Cover the beans with water and soak overnight. The next day, drain and put fresh water in the pot to cover. Bring to a rolling boil. Make sure the beans remain covered or they will discolor and get hard. Boil 45 to 60 minutes, until the beans are tender but not falling apart. Drain.
Meanwhile, combine all the creole seasoning ingredients. Set aside.
Heat the oil in a large frying pan. Sauté the onions, celery and bell pepper in the oil until the the onions are translucent. Add garlic and sauté 2 more minutes, stirring occasionally.
Add the sautéed vegetables to the cooked and drained beans. Add the andouille sausage, thyme, bay leaves, hot sauce, Worchestershire sauce, salt and creole seasoning to taste. Add just enough water to cover.
Bring to a boil. Reduce the heat to a low simmer and cook 2 to 3 hours until the mixture is creamy. Stir occasionally to make sure it doesn't burn or stick to the bottom of pan. Taste and adjust the seasonings.
If you can, let the beans cool. Cover and refrigerate overnight. This extra time enhances the flavor.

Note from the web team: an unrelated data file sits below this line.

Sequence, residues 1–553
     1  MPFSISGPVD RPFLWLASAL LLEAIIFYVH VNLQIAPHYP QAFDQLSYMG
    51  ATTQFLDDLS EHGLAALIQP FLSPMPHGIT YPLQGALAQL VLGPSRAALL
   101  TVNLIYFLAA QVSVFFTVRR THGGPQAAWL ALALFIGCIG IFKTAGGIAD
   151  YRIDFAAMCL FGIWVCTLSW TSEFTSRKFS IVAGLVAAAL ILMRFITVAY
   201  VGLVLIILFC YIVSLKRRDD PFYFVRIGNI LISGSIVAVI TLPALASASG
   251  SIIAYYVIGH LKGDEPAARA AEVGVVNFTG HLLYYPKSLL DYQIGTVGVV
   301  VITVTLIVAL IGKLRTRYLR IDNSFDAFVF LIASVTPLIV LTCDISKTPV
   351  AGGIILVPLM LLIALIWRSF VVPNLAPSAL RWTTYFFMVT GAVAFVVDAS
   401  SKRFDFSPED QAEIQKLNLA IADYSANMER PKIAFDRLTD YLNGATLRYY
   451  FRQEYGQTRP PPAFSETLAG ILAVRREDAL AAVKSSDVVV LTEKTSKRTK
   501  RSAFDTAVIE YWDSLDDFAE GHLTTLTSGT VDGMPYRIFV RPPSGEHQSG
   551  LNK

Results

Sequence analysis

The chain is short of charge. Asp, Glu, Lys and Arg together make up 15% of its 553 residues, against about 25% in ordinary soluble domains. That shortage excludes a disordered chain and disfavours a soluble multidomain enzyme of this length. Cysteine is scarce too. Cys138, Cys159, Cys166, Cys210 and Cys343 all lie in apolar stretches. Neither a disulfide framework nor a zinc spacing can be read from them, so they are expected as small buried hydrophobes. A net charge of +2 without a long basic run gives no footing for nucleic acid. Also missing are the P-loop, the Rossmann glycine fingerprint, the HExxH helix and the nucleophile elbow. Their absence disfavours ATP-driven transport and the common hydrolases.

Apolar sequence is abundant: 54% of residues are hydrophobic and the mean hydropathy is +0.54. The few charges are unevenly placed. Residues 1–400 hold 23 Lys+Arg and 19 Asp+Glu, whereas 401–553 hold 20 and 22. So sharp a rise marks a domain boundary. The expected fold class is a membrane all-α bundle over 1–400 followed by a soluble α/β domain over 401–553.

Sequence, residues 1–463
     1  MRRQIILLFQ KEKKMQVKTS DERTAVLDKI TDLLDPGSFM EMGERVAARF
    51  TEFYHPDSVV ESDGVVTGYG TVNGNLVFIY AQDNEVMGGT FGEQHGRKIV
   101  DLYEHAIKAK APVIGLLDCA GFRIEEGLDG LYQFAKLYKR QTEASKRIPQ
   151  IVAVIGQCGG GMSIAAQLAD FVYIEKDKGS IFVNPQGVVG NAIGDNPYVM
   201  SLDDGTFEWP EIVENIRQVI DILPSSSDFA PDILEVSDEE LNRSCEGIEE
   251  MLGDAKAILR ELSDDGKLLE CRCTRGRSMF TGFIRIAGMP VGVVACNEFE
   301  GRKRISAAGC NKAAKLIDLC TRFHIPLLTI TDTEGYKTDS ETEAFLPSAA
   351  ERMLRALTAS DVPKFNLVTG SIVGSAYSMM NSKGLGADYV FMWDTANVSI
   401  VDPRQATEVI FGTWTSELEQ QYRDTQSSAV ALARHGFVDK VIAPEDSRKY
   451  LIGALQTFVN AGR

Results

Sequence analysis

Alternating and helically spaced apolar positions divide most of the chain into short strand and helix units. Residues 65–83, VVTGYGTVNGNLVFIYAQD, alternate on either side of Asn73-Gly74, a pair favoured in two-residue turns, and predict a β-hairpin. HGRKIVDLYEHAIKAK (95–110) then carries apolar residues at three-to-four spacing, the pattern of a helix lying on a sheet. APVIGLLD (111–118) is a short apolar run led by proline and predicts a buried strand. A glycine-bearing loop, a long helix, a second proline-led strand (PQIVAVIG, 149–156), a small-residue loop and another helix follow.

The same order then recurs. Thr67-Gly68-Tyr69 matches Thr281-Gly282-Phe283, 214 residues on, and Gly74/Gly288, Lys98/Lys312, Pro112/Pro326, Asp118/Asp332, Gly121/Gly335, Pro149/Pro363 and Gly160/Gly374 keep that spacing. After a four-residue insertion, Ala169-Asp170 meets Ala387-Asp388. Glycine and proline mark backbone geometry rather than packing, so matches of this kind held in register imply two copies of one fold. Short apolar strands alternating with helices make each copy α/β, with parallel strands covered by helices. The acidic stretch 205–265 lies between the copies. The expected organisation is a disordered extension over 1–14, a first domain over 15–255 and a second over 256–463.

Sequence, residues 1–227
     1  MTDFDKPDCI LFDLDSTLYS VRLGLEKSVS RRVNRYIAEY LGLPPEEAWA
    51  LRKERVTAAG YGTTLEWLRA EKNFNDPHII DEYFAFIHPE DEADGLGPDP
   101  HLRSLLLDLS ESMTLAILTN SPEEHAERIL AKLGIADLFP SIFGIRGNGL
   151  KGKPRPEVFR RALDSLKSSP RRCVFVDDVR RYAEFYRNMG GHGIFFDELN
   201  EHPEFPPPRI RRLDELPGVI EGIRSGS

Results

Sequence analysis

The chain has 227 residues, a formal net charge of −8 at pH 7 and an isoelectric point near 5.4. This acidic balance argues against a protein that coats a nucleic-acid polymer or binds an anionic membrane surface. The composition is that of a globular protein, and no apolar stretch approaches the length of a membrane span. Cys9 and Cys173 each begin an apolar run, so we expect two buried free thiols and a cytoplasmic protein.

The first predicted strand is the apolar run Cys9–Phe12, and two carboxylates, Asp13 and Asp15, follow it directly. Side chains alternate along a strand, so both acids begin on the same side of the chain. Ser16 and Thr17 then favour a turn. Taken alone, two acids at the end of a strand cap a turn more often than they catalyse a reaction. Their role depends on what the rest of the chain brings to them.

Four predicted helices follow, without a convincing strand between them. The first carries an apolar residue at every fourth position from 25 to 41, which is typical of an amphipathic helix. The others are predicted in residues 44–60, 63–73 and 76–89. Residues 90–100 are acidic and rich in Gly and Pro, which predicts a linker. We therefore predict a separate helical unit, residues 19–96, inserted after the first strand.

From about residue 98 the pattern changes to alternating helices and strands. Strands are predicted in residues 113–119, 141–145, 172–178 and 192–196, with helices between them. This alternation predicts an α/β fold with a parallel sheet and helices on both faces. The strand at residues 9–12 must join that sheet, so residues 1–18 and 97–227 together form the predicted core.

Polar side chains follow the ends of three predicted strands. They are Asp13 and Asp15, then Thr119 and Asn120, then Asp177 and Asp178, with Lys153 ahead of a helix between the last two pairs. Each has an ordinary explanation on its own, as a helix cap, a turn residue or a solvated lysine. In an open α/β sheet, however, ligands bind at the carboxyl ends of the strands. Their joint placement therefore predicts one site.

To serve, reheat, adding a little bit of water to get the right consistency. Serve over white rice with French bread and a link of Cajun sausage.
Makes 8 servings.
- Colosimo's Sausage
Colosimo's slow cooker chili
2 pounds mild or hot Italian sausage, crumbled (Colosimo's brand recommended)
1 (12-ounce) can black beans, undrained
1 (12-ounce) can plain chili beans, undrained
1 (12-ounce) can kidney beans, undrained
1 (29-ounce) can tomato sauce (Colosimo's brand recommended)
1 (12-ounce) can crushed tomatoes or 3 medium tomatoes chopped
1 onion, chopped
1 green pepper, chopped, optional
1 (4-ounce) can chopped green chilies, optional
2 tablespoons chili powder
Salt to taste
Pepper to taste
Sour cream, for garnish
Grated cheese, for garnish
In a large frying pan, brown the sausage until cooked through. Place in a slow cooker. Stir in all the beans and their liquid, the tomato sauce, crushed tomatoes, onions, green peppers, green chilies (if using) chili powder, salt and pepper. Cook on low heat up to 8 hours or on high heat for 4 hours. (This also can be cooked on the stove-top for several hours at a low simmer.)
Ladle into bowls and top with sour cream and shredded cheese.
Make 4 to 6 servings.
- Colosimo's Sausage